Paris: Le Tout Jazz
Patricia Wells Talks Parisian Cuisine

Paris: Solo on the Left Bank, Part 1

The heart of Paris for me will always be the Left Bank, and now as a solo womantraveler here, I particularly advocate this lively and compact Latin Quarter area Img_0114_2_5 for women alone or with girlfriends. In a relatively small and historic area of the 5th and 6th Arrondissements (extending into the 7th), the range of options is extensive (from funky to sophisticated). It's built on the original Roman origins of Paris and includes many important landmarks. The University of Paris and famous schools (like the Sorbonne) are centered here, bringing an intellectual, hip, and cosmopolitan air in the narrow streets, which are also filled with every imaginable shopping and dining opportunity. Compared to the big-city atmosphere of the Right Bank, it's easily manageable for hours on foot and, though busy, not noisy. The flowers in the markets, even in the snow and rain, are gorgeous and warm.

It's good to have some destinations in Img_0115_2_3 mind but not to be over-prepared so you can discard your original plans without worry. For any traveler, receptivity to the new plus openness to looking at the farmiliar in new ways are essential to a satisfactory experience; serendipity and discovery are natural partners. Importantly, don't try to pack too much into one outing -- it'll feel like a chore and a, well, job.

Here are some suggestions and highlights for a wonderful day through the 5th-7th, or take it in chunks. To feel comfortably fashionable (branchée), put on a jacket or sweater and a terrific scarf, perhaps a discreet beret if it's windy. The excellent scarf, wrapped with élan, is the key. Do not, absolutely do not, wear white sneakers or running shoes, jeans or shorts. We all can do better than that in Paris, after all, and we should.

Start at the Seine River at Shakespeare & Company, Img_0065_2 the renowned bookshop opened by American George Whitman that carries on the tradition of early 20th century ex-pat Sylvia Beach. Crawling through the stacks is, in fact, a wonderful all-day outing in itself. Across the river on the Île de la Cité is the Cathédrale Notre-Dame, now being cleaned to reflect pale sandy hues. Follow the river past the bouquinistes  (secondhand booksellers) with vintage and relatively new books, prints, and art along the river and equally interesting stores of the same variety on the street side. I could spend my entire trip in bookstores in Paris, filled with books in all languages, and am resisting purchasing a few this time.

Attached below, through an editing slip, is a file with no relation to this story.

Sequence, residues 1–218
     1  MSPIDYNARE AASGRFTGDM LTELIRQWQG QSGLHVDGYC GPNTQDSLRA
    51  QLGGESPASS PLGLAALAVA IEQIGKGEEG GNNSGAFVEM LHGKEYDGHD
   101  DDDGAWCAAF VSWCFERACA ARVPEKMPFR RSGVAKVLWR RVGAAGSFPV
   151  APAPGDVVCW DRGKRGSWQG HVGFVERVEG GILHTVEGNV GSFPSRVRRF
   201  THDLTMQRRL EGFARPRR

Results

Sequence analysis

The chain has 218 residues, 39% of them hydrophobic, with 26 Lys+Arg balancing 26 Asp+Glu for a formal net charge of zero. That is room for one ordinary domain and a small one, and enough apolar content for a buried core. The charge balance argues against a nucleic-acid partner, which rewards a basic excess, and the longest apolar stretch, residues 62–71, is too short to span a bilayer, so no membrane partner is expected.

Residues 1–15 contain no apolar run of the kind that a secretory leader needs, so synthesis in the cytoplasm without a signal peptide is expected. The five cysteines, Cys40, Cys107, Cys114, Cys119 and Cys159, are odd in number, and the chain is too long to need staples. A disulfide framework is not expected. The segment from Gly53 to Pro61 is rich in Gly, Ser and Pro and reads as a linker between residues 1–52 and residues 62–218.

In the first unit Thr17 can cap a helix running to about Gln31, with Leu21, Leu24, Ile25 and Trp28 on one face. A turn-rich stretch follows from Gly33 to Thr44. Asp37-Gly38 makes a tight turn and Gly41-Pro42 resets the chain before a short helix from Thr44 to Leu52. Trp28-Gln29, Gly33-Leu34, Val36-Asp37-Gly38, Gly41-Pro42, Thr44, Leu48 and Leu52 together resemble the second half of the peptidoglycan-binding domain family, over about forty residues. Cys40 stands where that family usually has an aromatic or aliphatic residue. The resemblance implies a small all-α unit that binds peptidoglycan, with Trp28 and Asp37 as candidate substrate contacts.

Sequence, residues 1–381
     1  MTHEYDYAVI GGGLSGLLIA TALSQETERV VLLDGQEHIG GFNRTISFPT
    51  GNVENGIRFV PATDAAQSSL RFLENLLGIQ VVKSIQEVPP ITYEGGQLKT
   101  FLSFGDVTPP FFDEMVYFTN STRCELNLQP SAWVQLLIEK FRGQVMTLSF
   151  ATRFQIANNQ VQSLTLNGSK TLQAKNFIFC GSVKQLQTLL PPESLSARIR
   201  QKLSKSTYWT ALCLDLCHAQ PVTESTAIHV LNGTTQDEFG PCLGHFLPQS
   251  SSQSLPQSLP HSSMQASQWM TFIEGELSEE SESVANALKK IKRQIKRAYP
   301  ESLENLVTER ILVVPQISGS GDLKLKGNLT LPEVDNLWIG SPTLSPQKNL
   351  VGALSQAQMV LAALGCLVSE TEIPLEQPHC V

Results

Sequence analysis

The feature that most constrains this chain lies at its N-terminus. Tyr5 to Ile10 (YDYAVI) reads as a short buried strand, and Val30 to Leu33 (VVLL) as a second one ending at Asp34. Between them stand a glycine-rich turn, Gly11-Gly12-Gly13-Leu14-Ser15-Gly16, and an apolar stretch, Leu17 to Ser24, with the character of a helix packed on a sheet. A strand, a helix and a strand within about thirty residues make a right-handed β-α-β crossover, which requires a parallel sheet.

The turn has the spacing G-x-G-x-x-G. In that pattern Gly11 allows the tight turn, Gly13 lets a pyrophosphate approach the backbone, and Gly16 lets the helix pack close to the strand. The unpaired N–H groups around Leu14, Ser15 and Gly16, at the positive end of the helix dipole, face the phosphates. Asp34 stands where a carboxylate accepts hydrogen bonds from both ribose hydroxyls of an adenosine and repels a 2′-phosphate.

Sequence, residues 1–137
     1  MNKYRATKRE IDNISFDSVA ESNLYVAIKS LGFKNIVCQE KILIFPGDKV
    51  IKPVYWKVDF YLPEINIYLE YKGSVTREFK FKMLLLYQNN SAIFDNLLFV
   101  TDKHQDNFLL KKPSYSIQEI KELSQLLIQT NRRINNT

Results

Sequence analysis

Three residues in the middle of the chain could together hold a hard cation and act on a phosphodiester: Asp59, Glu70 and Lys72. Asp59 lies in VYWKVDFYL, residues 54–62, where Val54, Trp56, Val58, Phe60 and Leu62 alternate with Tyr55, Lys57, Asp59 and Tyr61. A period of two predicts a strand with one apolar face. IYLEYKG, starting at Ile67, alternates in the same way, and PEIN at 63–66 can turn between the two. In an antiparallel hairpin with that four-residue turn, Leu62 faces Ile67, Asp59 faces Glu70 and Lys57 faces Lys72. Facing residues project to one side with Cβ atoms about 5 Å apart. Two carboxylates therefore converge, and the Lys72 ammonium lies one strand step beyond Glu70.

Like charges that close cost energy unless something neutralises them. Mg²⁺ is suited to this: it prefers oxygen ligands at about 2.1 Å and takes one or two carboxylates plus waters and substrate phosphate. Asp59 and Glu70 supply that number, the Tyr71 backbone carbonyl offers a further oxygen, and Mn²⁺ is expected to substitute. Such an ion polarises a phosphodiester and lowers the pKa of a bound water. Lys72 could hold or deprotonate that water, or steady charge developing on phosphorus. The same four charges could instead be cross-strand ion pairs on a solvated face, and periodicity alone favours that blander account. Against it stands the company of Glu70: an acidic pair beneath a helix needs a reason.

Turn into the winding streets of the district along Rue de Seine and stop for lunch at  Img_0066_2 Fish la Boissonnerie in an old half-timbered building. With about 40 seats and a bar for 6, you'd never detect that this restaurant is owned by New Zealanders and a Cuban-American -- unless you hear them discussing orders for their companion restaurant Cosi (specializing in sandwiches) across the street and La Dernière Goutte wine store around the corner (6 Rue de Bourbon Le Château, 75006 Paris, Open 7 days a week, the wine shop offers Saturday wine tastings and carrying cases for easy travel. Especially great about Fish la Boissonnerie are the daily changing menus and the vast wine collection of the proprieters reflected on the pages-long wine list and daily wine specials. Following a pureed carrot soup finished with a little cream and cumin, I opted for a Loire Gamay Pierre Bise wine with my seared cabillaud fish over steamed spinach and circled by a balsamic vinaigrette sauce. The helpings are generous and the spectacular lemon-orange tarte at the end almost finished me off!

With such wonderful food, how do French women stay thin? One of my theories (and more on this topic another day), they walk as I did for the next couple of hours. In other words, I took my exercise by people-watching and shopping through the bookImg_0116_2_1 stores, funky/chic shops, and street markets, topped off with active window shopping of the chic Left Bank stores -- from Sonia Rykiel (whose boutiques now go around three sides of the block between Blvd. St-Germain and Rue des Grenelles, Armani, the department store Bon Marché and dozens of shoe, jewelry, clothing and accessory boutiques for women mixed in with intruders such intruders as the Gap and Burberry, which the French love.

For a break, as it is oyster season -- and what a wonderful to stop with six sweet oysters on the half shell and a glass of dry white wine -- as I did at Les Jardins de St. Germain on Rue du Dragon. Or, if you're into something hardier, La Rhumerie recommended by some French friends for its vast selection of Caribbean French (and other) rums on Blvd. St-Germain just east of the Église St-Germain-des-Prés (166 Blvd. St-Germain, Paris 75006,,